Archive for the ‘Reading’ Category

Service of Screen Time for Toddlers & Children: None to Little is Best

Monday, April 29th, 2019

Photo: verywellphone.com

I was on a Manhattan bus stuck in traffic last Saturday. Just outside my window was a fascinating feat of construction dexterity. Sitting across from me was a little boy glued to his phone as his parents were to theirs. He missed the giant beams balanced in the teeth of a construction truck inching to their temporary resting place inches away.

Photo: pcworld.com

Countless toddlers similarly stare at phone and tablet screens while the person pushing their strollers chats on the phone. Both miss opportunities to communicate as well as fun things to see from dogs and store windows to characters on the city streets they pass in a place like Manhattan.

Photo: psychologytoday.com

Turns out the children are doing more harm to themselves than substituting one dimensional scenes for the world around them. According to mayoclinic.org, “The American Academy of Pediatrics discourages media use, except for video-chatting, by children younger than 18 to 24 months. If you want to introduce digital media to children ages 18 to 24 months, make sure it’s high quality and avoid solo media use. For children ages 2 to 5, limit screen time to one hour a day of high-quality programming.”

The Mayo reported that “too much poor quality screen time has been linked to: obesity, violence, loss of social skills, irregular sleep schedules and shorter duration of sleep and behavioral problems.”

Photo: livescience.com

New World Health Organization guidelines used even stronger language. The title of Jen Juneau’s article in People is “World Health Organization Now Recommends No Screen Time for Children Age 1 and Younger.” Instead, parents and caregivers should do what many have done for decades: read and tell stories to their children. For children up to two, WHO doesn’t recommend they watch TV or videos or play computer games either.

Juneau wrote: “With children aged 2 to 4, ‘sedentary screen time should be no more than 1 hour; less is better.’” She added that some experts disagree. “The WHO’s advice ‘focuses on quantity of screen time and fails to consider the content and context of use.’” said the director of research at the Oxford Internet Institute at the University of Oxford.

“The new WHO guidelines come almost three months after a study published in JAMA Pediatrics that found that ‘Excessive screen time has been associated with various negative outcomes, including cognitive delays and poorer academic performance’ in children,” Juneau reported.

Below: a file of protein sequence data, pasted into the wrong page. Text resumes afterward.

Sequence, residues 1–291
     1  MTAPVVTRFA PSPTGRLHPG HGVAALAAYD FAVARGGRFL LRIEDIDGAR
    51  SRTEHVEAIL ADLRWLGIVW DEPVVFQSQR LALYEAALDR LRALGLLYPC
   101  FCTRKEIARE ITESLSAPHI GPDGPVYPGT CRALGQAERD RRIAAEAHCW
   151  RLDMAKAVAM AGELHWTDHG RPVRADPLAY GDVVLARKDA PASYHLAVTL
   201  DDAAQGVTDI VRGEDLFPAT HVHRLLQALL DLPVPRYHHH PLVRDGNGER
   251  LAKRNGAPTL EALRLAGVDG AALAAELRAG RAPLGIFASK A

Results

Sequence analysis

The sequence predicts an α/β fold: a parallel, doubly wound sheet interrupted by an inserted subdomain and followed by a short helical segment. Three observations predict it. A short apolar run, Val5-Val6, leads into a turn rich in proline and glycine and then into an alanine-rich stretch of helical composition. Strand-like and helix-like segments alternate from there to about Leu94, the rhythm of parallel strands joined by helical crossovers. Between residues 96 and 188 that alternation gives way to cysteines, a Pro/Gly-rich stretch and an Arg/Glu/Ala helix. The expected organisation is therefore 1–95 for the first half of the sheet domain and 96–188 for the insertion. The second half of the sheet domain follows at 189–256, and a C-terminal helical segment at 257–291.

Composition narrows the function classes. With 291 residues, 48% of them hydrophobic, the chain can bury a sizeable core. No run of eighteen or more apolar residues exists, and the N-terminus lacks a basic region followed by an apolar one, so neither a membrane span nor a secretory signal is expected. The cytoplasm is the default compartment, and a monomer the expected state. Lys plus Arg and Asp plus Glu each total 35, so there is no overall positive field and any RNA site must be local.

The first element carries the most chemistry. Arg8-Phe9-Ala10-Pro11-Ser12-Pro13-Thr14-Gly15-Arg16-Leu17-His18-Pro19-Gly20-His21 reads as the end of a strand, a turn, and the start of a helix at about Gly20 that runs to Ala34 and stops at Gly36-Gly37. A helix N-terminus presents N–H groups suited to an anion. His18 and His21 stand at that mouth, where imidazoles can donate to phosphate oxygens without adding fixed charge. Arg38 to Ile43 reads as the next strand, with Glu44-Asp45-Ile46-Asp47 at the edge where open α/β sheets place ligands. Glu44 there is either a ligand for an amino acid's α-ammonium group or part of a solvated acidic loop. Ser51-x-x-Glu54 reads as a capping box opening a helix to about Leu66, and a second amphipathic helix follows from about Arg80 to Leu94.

According to the study on Mayo.com, “children younger than age 2 are more likely to learn and remember information from a live presentation than they are from a video.”

I conjecture that plenty of parents think they are giving their children a leg up by starting them on computers as young as possible. Others may appreciate quiet time when a little one is absorbed by colors and movements on a screen. Publicity about the WHO’s recommendations came out last week and yet I still see countless toddlers in strollers staring at phone screens. Goodness knows what’s happening at home. What will it take for caregivers to get the message about the dangers of screen time for young children? Do you see benefits for little ones to be conversant with the latest gadgets since babyhood? Is reading and telling stories to little ones out of style?

Photo: parents.com

 

Service of Contests for Kids: We’re All Winners

Saturday, August 18th, 2018

Contests that teach, encourage and reward kids to better themselves and/or their communities help us all.

Author Karen Russell told NPR “New Yorker Radio Hour” listeners on a recent August weekend about how proud she was to treat her family to a pizza when she was a kid. An avid reader, she’d qualified for a free pie with one topping through Pizza Hut’s Book It program. She’d read 10 books.

Books tossed recently at the Millbrook, NY Transfer Station

Book It was founded in 1985. It runs from October 1 to March 31 for children from Kindergarten to the sixth grade and homeschoolers can also participate.

Things may have changed since Russell won her pizza. She read printed books and today many children use Kindles and other tablets. Some may still record their books on paper and some access an app that reaches teachers who track their participation. But the goal remains–to promote reading.

The National Road Safety Foundation [NRSF] conducts contests for kids to help its campaign to drive down the number of traffic accidents, deaths and injuries here. I know about it because a colleague, David Reich, runs and promotes the contests. One is “Drive2Life,” in its seventh year, in which teens submit messages to be turned into public service announcements [PSAs] to warn drivers about the dangers of speeding. This year’s winner, a California 8th grader, received $1,000 and a trip to New York where he collaborated with Emmy Award-winning producers to script, film and edit his winning PSA, “Cars Aren’t Toys.” The PSA aired on “Teen Kids News” on 150 TV stations.

Photo: fcclainc.org

In addition to Drive2Life, there are NRSF Drive Safe student contests in Washington DC, LA, Chicago and Atlanta as well as Safe Rides Save Lives for members of Family Career and Community Leaders of America [FCCLA] and #DrivingSkills101 for Students Against Destructive Decisions [SADD] Chapters nationwide.

Can you name other great contests for children? Did you participate in any when you were a kid?

Photo: washingtonautoshow.com

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